"Walter Anderson was born in New Orleans Louisiana in 1903. From his early years until his death in 1965 he spent the majority of his life on the Mississippi Gulf Coast observing, drawing, and painting the flora and fauna of the region. The artist found the undeveloped coastal region of Mississippi and the barrier islands, especially Horn Island, to be ideal for close interaction with nature. There, Walter Anderson would swim in the bubbles of alligators, dance with the terns at the approach of a storm and crawl amongst the tall grasses of the marshes. Walter Anderson’s block prints, watercolors, and ceramics have become iconic representations of the Gulf Coast and an integral part of the Arts and Crafts and American Contemporary Art movements." - from the Walter Anderson Museum's website.
Growing up the daughter of an artist, I was exposed to the work of many great artists as a child. Some resonated with me immediately and others I didn't really appreciate until I was older and was able to see them through more experienced eyes.
One of the artists that I paid little attention to as a kid but have come to admire greatly as a professional is Walter Inglis Anderson. My father hung an enormous Walter Anderson wood block print of a pelican in our kitchen which I don't think I cared much for as a child. I would imagine my lack of admiration was mostly because it's black and white and done in a simplified style. Color and impeccable realism was more interesting to me at that age.
(Large Walter Anderson wood block print in the kitchen of my childhood home. Sorry that the print is cut off in the picture!)
Later in life, returning from a family beach trip to Florida, my father insisted upon making a pit stop at the Walter Anderson museum and gift shop in Ocean Springs, Mississippi. Game changer. At this point I am working as a designer in the New York corporate fashion industry and longing to make more of a career out of art. Seeing Walter's work opened my eyes to the possibility of making art commercially accessible without "selling out" or making "cheesy" art. His stylistic representations of gulf coast plant and animal life are commercially appealing, yet incredibly sophisticated artistically. His block prints (of which there are nearly 300) are timeless - continually reproduced to this day, hand colored by local artists and sold in the gift shop for as little as $5. He also made wood carvings and ceramics that he sold to tourists during his time.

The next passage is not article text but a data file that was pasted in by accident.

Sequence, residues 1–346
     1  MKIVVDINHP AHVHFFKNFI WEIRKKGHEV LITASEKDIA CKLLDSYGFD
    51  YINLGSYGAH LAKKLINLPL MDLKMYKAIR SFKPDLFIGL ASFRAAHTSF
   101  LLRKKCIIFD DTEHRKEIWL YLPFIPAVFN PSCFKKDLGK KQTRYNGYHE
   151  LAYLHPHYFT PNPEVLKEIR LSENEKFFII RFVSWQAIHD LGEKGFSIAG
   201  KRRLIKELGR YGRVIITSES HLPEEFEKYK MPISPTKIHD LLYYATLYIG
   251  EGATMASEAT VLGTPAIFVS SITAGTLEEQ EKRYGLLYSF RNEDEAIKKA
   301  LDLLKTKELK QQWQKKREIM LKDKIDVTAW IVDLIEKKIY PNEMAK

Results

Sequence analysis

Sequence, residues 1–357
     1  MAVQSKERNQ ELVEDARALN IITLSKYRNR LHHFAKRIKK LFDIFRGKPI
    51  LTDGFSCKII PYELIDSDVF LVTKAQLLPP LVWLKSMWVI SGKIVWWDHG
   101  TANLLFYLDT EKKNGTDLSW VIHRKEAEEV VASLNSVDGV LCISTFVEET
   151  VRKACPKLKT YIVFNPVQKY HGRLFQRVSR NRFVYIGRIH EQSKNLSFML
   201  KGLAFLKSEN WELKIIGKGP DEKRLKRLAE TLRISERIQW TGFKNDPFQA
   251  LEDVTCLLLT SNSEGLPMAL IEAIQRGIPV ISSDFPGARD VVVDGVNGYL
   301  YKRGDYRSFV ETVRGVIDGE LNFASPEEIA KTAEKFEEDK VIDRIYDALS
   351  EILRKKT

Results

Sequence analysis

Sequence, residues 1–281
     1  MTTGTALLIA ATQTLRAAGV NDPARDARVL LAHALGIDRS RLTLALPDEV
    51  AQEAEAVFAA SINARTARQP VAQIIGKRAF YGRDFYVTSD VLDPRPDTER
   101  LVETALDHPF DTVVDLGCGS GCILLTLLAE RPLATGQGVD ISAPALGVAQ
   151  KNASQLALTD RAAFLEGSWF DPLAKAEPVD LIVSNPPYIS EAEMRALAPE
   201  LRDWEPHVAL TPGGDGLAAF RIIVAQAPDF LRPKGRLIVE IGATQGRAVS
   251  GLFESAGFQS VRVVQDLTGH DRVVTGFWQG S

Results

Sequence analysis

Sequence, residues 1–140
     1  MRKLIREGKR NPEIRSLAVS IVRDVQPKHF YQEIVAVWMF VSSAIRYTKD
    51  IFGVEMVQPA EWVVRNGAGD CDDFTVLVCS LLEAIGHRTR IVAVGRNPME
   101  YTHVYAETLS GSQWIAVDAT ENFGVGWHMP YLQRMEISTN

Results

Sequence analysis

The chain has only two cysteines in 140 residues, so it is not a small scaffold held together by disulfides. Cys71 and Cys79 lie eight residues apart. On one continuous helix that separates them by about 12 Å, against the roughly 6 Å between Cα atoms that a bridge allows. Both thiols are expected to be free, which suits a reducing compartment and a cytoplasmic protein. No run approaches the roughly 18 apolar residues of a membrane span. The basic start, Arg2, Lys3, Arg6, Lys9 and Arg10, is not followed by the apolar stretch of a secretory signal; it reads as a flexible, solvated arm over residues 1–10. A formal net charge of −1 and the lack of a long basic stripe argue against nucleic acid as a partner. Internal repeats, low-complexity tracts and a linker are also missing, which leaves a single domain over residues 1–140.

(Walter Anderson watercolors of a blue crab (above) and 2 bitterns (below))
Most impressive to me are his murals and watercolors. They are composed with the eye of a designer and painted with the passion of an artist. His color palettes are vibrant and subjective, but never garish - giving the viewer the sense that they are observing nature directly even as it is being represented through the stylized lens of the artist, quite differently than it actually exists.
(Walter Anderson mural details...wallpaper inspiration, anyone?!)
Walter's work inspired me to dig in and set out on a path that would satisfy both my artistic passion and my practical desire to generate income independently. I would no longer shy away from painting nature for fear of being labeled a "Sunday painter". I could now see how such subject matter could be just as expressive as a surrealist painting yet appeal to a broader audience.
(a pair of Walter Anderson block prints that I hand colored myself and hung in my bedroom)
I envy the uniqueness of Walter's style and it inspires me to continue to work toward being more prolific and to let my own style evolve naturally. I'm so thankful to Walter for his priceless contribution to the cultural landscape of the Gulf South and the country - and to my dad for exposing me to his incredible work.
Watch New Orleans artist Annie Moran during the creation of one of her recent watercolor paintings, "Blue Heron Landing," in this time-lapse video.
Annie Moran recently had the honor of designing a custom necklace for the 2017 Essence Festival Leadership. The piece is inspired by an African Adinkra symbol.